One of the issues raised in the controversy over Norman Finkelstein’s recent video interview is the feasibility of the two-state solution. While the creation of a Palestinian State in Gaza and the West Bank alongside Israel remains the purported basis of a settlement among much of the international community, many are now questioning whether it is still possible. After decades of Israel’s deliberate creation of “facts on the ground,” primarily the illegal settlement of hundreds of thousands of its Jewish citizens throughout the West Bank, can a Palestinian State still emerge free from a large number of permanent residents owing allegiance to, and expecting protection from, a foreign state? Finkelstein emphatically answers in the affirmative, and has presented his case in lectures around the world.
A brief preface. I have greatly admired Finkelstein for many years, and cannot think of anyone else outside the Palestinian community who has devoted more time and energy to the cause of their freedom. He is sincerely taking what he feels to be the best strategic position to mitigate the human suffering he has witnessed firsthand. He is in a position to make the most genuine case for the two-state solution, and he does not come close. At recent videotaped lectures he gave in Glasgow and Edinburgh , his discussion of the settler problem contains serious flaws and shortcomings.
Finkelstein begins talking about the two-state solution at about an hour and a half into his lectures. First, he offers a legal/logical/moral imperative for recognizing the State of Israel as a simultaneous condition for demanding Palestinian rights guaranteed under international law. Mondoweiss published three responses, including my own, to this contention, but rather than repeat that discussion, let’s turn to Finkelstein’s insistence that the two-state solution remains viable, and that a peace settlement along the lines of the “international consensus” may still be achieved with a little creativity.
Here is his prescription for dealing with the settlers. First, Finkelstein estimates the number of these settlers at the very low end of 500,000. Netanyahu has stated that there are 650,000 settlers and the actual figure may even be higher, but Finkelstein goes with only 500,000.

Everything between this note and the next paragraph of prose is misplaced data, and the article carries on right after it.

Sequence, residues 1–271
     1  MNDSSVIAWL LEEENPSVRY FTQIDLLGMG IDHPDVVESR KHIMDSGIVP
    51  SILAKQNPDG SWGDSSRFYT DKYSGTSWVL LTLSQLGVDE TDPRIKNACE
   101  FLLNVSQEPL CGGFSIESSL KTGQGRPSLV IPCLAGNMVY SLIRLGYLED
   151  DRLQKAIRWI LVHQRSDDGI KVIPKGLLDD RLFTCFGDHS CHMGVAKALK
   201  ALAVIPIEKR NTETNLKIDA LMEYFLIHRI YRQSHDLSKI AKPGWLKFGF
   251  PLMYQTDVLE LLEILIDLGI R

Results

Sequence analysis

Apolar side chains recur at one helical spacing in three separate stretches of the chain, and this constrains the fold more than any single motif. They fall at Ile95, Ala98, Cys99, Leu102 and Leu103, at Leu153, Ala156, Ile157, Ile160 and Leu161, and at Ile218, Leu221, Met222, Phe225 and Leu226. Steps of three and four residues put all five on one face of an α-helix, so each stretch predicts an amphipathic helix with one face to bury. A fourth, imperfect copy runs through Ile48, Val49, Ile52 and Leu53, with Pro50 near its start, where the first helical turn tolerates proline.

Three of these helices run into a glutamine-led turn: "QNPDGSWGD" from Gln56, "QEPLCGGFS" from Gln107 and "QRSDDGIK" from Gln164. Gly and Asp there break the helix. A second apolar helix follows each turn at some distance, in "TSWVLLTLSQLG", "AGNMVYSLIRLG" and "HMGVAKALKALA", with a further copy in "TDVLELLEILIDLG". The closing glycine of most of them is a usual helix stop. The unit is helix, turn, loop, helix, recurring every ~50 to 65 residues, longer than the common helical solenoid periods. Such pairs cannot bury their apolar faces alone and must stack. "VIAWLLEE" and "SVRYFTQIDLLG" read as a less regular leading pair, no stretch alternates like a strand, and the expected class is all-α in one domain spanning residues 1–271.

Second, Finkelstein claims that if just 1.9% of Occupied Palestine is transferred to Israel, 63% of the 500,000 settlers reside within that 1.9% and would not have to leave their homes and communities to leave Palestine. At his lectures, he displays a map, presented by a Palestinian negotiating team in 2008, depicting this 1.9% of the OPT. The 1.9% consists mostly of numerous territorial segments that appear sort of mushroom-shaped, with narrow access roads leading a few miles from the Green Line to a settlement. The map also shows a few land areas that are presently part of Israel’s internationally recognized territory that would constitute an equal amount of territory that can become part of Palestine in the swap. Finkelstein concludes that about 300,000 of the 500,000 settlers will be accounted for in this 1.9% swap, leaving about 200,000 who must be evacuated.
Third, he states that many settlers are not ideological fanatics but moved to the OPT because of financial incentives offered by the government, and similarly could be induced to move back within the Green Line. He estimates that only 5000 to 10,000 settlers might refuse to move out of ideological fervor. Finkelstein believes that compelling the removal of this number would be relatively easy. Israel could merely impose a deadline when it will withdraw its armed forces, and these five to ten thousand ideological settlers will comply with an evacuation order out of fear of being left alone and unprotected.
Finkelstein makes several errors and omissions in his analysis, but this last one is the best place to start. His estimate of 5000 to 10,000 recalcitrant settlers seems absurdly low. Even if one accepts his minimal figure of 500,000 total settlers, and 200,000 who would not be “swapped,” his numbers correspond to only 2.5% to 5% of these 200,000 settlers being ideological and resistant to financial incentives for relocation. According to Finkelstein, 95+% would leave voluntarily. I don’t know what polls he relies upon to support this improbable figure, but a recent Hebrew University poll shows a much higher rate of settler opposition to evacuation. In 2010, 21% of settlers agreed that they would not only refuse to move, they would use all means, including force of arms, to resist. This position is on the increase, up from 15% in 2005. This 21% represents the hardest of the hard-core; surely many more would also refuse to move, but would not presently commit to force of arms to stay. It looks like Finkelstein could be off by a factor of ten, and that 50,000 to 100,000 settlers would refuse all offers of financial compensation, and would require massive military force to budge them from their illegal residence in the West Bank.